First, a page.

I had never been to a funeral before, which is clearly a good thing, but it meant I had no idea what to expect. I just kind assumed it was a one size fits all kind of thing and you had no choice in what happens.
When I knew the outcome of our pregnancy with Albie and we had decided to end that pregnancy I asked the question,
''What will happen to my baby when he's born?''
It was explained to me that the hospital had services that would organise a ceremony, cremation, whatever I wanted. But it seemed so impersonal. A close friend of mine (Katy) was friends with a funeral director (Jay). I had met him before and he always seemed like a lovely, caring man. It made me feel better knowing he would be looked after properly. So we got in touch.
Speaking to a funeral director about the death of your baby before he's even been born is indescribable. I just couldn't do it. Katy had filled him in on our situation and my mum rung him to find out the details. You see, Albie had to travel all the way to St George's hospital in London for his post mortem and then he would need to travel back down here again to end up with Jay so he could get him ready for his funeral. I wanted to know the details were sorted and he was going to be alright on his journey.
After I had Albie and we had spent some time with him and said our goodbyes, he was taken away by a midwife. I didn't see him again until his funeral on 12th March.
I wanted his funeral to be sorted before he came back from the post mortem so the was less time waiting around.
Like I said, I'd never been to a funeral before let alone organised one so I had no idea what to expect. Jay was lovely and talked us through the options.
The main thing I knew I wanted was to put some special things in with Albie. This was non-negotiable. We all wrote him a letter, I can't speak for anyone else but I just wanted him to know how much I loved him. I wrote and wrote about my love for him and how he would always be a part of me. Katy bought him a St Christopher to keep him safe on his journeys along with a teddy. But the most important thing to me was his bunny. We had two. I kept one and he kept one. And Lily had the same when she was born (although hers is a lot bigger). Lily drew some lovely pictures and she wanted to send him her hand and foot prints just like he'd given us his, so Brent, Lily and I all got out the paint and printed out hands and feet for Albie to keep forever.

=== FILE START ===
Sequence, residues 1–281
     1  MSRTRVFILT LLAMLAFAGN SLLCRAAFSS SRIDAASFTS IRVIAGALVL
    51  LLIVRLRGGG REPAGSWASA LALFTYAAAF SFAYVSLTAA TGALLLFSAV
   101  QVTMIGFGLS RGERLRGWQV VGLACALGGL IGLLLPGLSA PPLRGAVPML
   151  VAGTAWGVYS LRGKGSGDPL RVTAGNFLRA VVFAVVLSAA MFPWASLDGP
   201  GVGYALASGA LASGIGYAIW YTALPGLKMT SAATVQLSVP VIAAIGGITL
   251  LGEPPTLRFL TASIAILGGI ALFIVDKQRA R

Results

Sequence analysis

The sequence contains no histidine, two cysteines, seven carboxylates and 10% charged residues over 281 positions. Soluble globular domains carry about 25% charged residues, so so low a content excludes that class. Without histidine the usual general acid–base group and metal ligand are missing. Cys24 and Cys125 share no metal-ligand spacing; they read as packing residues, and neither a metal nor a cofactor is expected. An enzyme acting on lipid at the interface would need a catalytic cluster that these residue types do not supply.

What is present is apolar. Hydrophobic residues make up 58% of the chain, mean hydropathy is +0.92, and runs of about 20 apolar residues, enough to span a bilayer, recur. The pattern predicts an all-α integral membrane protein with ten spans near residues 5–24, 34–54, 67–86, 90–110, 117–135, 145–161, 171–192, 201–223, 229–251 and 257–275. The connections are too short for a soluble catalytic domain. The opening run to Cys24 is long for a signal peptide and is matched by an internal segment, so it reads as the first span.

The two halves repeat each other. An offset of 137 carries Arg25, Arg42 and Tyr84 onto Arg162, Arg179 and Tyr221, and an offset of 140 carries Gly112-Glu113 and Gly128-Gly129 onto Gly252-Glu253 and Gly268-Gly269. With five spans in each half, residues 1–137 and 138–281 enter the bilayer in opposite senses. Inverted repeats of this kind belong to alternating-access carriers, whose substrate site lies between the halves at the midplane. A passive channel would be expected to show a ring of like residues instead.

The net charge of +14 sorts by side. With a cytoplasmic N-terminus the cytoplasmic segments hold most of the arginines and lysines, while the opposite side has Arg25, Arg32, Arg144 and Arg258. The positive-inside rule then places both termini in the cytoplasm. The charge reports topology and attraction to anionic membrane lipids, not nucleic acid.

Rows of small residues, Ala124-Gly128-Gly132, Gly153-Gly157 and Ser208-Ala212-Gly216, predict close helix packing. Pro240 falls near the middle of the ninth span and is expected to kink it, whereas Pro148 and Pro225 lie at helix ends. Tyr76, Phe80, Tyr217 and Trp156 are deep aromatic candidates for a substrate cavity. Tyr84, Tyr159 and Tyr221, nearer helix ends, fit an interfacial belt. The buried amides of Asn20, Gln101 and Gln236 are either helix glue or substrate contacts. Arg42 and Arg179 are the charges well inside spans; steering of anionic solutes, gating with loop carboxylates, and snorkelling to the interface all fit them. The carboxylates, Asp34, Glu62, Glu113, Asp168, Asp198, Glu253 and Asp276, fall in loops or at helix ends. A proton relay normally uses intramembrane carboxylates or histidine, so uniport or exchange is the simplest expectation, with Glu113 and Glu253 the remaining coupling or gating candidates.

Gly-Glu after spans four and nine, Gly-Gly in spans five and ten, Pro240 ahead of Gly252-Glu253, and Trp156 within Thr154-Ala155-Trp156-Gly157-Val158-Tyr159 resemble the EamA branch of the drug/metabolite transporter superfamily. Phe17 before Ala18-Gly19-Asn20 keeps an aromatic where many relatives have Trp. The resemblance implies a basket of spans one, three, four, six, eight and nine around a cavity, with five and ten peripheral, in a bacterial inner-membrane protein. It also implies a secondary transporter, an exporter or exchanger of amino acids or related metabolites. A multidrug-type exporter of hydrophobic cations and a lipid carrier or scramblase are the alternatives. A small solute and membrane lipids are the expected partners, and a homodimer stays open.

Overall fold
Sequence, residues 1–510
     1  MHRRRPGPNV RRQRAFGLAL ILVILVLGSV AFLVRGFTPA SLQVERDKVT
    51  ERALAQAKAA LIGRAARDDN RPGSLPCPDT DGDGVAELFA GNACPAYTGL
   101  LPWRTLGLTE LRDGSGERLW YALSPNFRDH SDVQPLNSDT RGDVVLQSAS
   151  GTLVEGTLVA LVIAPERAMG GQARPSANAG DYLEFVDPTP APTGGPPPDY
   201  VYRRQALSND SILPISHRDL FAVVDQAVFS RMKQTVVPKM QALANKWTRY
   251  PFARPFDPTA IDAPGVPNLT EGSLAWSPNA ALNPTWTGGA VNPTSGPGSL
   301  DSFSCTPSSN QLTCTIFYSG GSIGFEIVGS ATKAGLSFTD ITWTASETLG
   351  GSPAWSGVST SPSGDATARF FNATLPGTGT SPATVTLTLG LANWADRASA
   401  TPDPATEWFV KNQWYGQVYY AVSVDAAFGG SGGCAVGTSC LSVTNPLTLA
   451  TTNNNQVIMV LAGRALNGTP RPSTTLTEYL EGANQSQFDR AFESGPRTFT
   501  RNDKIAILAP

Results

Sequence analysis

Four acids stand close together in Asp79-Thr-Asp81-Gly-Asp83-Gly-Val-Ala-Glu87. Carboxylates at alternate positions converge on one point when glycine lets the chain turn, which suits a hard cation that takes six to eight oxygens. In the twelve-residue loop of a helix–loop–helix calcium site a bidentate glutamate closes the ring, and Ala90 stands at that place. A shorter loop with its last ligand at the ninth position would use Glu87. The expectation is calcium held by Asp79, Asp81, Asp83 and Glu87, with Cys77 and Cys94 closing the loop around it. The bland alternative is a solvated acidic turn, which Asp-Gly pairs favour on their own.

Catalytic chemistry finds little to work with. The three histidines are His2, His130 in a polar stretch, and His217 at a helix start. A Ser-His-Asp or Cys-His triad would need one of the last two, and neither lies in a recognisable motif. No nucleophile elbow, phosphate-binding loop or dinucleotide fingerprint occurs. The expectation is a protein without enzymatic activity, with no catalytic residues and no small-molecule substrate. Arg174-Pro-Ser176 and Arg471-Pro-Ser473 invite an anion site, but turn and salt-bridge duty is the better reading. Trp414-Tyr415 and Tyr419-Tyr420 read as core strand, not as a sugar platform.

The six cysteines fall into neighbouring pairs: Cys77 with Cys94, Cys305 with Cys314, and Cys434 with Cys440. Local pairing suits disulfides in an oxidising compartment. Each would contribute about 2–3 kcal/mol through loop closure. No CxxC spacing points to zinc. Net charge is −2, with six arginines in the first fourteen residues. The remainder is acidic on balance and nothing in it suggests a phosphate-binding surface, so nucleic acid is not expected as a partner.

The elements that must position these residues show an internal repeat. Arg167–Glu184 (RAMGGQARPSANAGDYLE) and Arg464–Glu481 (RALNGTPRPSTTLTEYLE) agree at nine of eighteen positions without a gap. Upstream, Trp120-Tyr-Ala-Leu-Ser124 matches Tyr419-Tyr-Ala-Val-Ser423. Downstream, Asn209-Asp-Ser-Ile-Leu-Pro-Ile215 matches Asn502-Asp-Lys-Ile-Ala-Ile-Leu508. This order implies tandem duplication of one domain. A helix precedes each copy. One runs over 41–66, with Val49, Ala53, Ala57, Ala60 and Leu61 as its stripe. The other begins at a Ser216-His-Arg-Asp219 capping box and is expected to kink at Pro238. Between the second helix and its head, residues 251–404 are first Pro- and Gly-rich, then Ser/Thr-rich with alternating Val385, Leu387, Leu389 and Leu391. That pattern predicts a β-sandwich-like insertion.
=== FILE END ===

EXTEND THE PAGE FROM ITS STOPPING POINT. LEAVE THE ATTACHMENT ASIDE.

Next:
When it came to the actual funeral we knew we wanted something really little, just me and Brent. We also knew from the beginning we wanted him cremated. It's hard to talk about someone nobody but us really knew so we decided against anyone speaking and we wanted it to be a time to reflect and say goodbye so we didn't want any music. Brent wanted to carry him in and we wanted to keep the curtains open while we left rather than them closing. It felt too final and I wasn't ready for this all to end yet. The rest was down to me.
We chose a single flower, a yellow gerbra, to place on his white casket. I made a frame to put up next to him with a short poem and two pictures of him. It was lovely to read and remember him. Brent and I also decided to write each other a letter to read quietly to ourselves. It was lovely to know that we both still felt so strongly about our relationship. How much we loved one another and I knew we'd be ok. We were strong. We had already been through so much and we were now at the funeral of our son who we loved more than anything, but we were here together, supporting each other, loving each other.
After a while we decided it was time to say our last goodbye. We left the chapel, and we left our baby, safe in his tiny bed surrounded by love.
We walked through the cemetery for a while, it was comforting and peaceful and that's when we decided that we wanted to bury Albie's ashes. We hadn't been sure what to do with them before but we decided that this was best for us.
We had attached messages onto balloons so we set off up too beachy head to let them go. We thought they would fly off over the sea...the wind was blowing the wrong direction and they blew over the fields instead but it was still lovely. We watched them for ages just holding each other's hand, not saying a word. A few people had gathered round to watch but we felt so alone in the world. I'll never forget that feeling.
We then set off again. We had booked a table at a quiet pub for lunch. There, we raised a glass to our beautiful son. Our son we would never see grow up but our son that we loved with all our broken hearts.
And that was that. The day I had dreaded. The day that I though would be the hardest day of my life. It wasn't! It was lovely. It was just how we wanted it. It was our chance to send our love to the sky. And somehow I felt lighter. I felt a sense of relief. I felt thankful. Thankful for Brent, thankful for Lily and thankful that for only a short time I felt my son, full of life, inside me. Thankful I had saved him.
We buried Albie's ashes in our local cemetery on 13th May. I chose the spot for his forever bed because it was calm, colourful and felt full of life.
It's one of my favourite places to be. Somehow, It's not full of sadness, there feels no sense of loss, all that is felt is love. It radiates off every colourful bunch of flowers, every windmill blowing in the wind, every beautiful word written and every candle lit. All that is there is love.
I miss my baby boy every day but I know he's always with me. His heart is embedded in mine forever and I will keep going for him, for Brent and for my amazing Lily.
After all, life goes on.